| HBS Case Collection
In 1997, Compaq Computer Corp. had become a $25 billion powerhouse. It had accomplished its revenue growth projections, successfully made a number of strategic acquisitions, and increased its gross margins, principally by moving up market into servers, workstations, and networking gear. At the same time, there were a number of strategic challenges facing Compaq in 1998. Compaq seemed to be squeezed by apparently contrary impluses--the need to reduce inventory while also satisfying its distribution channel; the need to build-to-order while also taking on product lines added through acquisition; the need to both fulfill PC orders from a hand-holding position constituency while moving clientele to articulate specifically what it wanted. Managing expectations, increasing margins, making operations more efficient, expanding the product line, and changing distribution: This was a tall order.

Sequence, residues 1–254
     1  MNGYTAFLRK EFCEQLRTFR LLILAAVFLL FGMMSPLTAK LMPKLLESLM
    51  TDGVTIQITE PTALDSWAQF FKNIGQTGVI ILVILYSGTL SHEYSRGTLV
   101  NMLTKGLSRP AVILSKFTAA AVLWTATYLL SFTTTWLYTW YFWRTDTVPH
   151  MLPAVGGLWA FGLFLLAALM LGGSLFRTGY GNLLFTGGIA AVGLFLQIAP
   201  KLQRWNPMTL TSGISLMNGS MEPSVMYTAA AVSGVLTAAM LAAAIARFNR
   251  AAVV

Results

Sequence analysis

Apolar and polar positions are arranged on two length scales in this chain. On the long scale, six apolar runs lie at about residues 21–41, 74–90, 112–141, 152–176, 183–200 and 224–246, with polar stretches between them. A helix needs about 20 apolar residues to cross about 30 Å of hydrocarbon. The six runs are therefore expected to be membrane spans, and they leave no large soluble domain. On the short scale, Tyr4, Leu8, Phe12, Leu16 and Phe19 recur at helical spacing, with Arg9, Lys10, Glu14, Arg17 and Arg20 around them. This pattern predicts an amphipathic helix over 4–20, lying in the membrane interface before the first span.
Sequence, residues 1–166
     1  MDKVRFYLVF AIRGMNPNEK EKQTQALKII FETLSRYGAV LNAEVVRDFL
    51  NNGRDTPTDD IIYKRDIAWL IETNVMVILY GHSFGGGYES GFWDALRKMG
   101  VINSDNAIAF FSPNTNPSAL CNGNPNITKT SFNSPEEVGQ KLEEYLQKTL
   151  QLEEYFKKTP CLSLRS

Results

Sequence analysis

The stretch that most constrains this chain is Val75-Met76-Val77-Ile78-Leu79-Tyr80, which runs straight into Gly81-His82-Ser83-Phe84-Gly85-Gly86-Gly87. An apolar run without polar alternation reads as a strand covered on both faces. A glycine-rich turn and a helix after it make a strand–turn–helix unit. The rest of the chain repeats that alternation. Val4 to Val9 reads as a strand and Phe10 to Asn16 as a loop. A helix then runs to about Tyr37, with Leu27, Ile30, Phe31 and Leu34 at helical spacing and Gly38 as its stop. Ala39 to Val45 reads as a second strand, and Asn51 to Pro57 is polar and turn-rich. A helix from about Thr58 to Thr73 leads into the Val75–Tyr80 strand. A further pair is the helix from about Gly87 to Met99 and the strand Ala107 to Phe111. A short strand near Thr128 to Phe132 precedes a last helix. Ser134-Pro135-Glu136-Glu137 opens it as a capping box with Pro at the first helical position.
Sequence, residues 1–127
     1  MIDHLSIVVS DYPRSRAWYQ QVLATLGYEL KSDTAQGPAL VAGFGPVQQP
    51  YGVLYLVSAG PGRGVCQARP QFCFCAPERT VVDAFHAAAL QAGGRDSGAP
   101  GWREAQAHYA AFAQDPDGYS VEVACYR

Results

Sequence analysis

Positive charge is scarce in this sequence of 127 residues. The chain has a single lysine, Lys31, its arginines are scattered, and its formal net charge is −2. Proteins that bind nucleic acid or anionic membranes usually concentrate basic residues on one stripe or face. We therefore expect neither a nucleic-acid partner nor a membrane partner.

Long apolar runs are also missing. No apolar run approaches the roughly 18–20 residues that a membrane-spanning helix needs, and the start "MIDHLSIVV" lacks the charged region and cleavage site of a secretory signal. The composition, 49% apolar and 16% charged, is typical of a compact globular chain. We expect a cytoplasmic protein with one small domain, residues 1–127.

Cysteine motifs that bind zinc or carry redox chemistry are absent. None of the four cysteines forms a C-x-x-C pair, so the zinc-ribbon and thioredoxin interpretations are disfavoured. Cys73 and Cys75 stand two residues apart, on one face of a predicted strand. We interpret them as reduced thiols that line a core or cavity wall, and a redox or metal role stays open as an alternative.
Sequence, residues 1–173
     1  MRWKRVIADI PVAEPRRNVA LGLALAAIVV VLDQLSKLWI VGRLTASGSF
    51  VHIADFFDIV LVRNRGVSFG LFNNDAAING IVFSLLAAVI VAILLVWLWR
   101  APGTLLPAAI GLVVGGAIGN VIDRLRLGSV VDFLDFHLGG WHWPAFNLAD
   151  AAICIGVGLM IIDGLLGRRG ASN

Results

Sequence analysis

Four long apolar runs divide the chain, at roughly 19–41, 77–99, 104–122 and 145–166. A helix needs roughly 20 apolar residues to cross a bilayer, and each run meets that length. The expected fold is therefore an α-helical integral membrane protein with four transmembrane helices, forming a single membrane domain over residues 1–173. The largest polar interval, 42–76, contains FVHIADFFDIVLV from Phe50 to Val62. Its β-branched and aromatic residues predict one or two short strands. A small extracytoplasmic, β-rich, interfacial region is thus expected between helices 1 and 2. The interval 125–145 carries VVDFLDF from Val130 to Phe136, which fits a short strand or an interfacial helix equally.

Keywords: Mergers and Acquisitions;
Customer Relationship Management;
Growth and Development Strategy;
Brands and Branding;
Customization and Personalization;
Wheelwright, Steven C., and Matt Verlinden. "Compaq, 1998." Harvard Business School Case 698-094, April 1998.